'Circa' salary

(7 Posts)
Lonoxo Wed 19-Oct-16 16:25:21

Any idea what this means? Is the figure quoted the max for that role or is it possible to negotiate more?

Poppytime Wed 19-Oct-16 16:26:20

It means 'around' that figure. I wouldn't interpret it as a max

Lonoxo Thu 27-Oct-16 16:53:21

Thanks poppy. Do you or any HR people know whether the figure used is the middle of the pay bracket for a role?

SarahOoo Thu 27-Oct-16 21:53:54

That varies from employer to employer, there are no rules on it. When I recruit I put the salary as a range with the highest amount being the top figure (e.g. £30-35k). My husband is a recruiter and he says the difference could be up to 10% either way but again, there's no hard and fast rules on it. An employer could say 'circa £45k' and that be their top figure whereas one could say it and happily go from £40k to £50k.

littleladybird14 Thu 27-Oct-16 21:57:53

Think everywhere is different, I'm in HR and where I work it would translate it as up 10% above / below figure quoted.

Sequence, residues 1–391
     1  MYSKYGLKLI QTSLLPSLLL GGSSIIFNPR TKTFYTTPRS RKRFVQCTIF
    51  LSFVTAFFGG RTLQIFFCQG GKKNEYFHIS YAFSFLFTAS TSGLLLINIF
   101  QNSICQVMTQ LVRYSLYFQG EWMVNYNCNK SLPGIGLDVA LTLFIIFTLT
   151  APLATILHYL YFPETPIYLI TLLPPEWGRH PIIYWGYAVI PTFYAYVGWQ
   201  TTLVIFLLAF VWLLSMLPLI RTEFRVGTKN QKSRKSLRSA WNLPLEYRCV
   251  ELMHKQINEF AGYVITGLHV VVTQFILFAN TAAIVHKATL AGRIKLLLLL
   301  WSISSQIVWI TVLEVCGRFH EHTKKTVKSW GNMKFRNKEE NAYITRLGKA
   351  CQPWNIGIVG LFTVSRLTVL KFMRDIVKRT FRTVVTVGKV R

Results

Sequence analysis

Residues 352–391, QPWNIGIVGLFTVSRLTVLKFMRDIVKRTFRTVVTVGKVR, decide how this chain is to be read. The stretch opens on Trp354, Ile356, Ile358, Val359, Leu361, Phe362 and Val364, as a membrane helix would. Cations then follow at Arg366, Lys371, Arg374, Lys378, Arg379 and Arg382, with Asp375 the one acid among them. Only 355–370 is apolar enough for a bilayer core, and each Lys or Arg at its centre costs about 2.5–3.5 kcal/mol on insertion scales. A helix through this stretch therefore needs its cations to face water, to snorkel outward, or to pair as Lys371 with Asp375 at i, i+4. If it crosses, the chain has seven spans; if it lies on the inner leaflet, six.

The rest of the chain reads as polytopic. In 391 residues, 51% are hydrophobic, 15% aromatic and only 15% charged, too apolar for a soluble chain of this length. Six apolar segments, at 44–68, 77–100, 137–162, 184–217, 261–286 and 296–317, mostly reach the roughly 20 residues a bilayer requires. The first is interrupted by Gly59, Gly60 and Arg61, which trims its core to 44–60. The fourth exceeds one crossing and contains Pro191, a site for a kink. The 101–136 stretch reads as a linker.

Lonoxo Mon 31-Oct-16 06:14:09

Thanks sarah and littlelady!

cheminotte Mon 31-Oct-16 06:21:45

My experience is circa is the maximum. They may be able to pay more than that but you'll have to be pretty amazing. I've applied for several jobs over the years, asked for the advertised salary when offered the role, only to be told, oh no that's what you get after your probation / 1 years service / meeting your targets. The starting salary is .... (10-30% lower than advertised).
I got the advertised salary for this role though - told them I wasn't going to take a paycut thanks anyway and was prepared to walk away. Which means I didn't get a pay rise at my anniversary, but that's fine.

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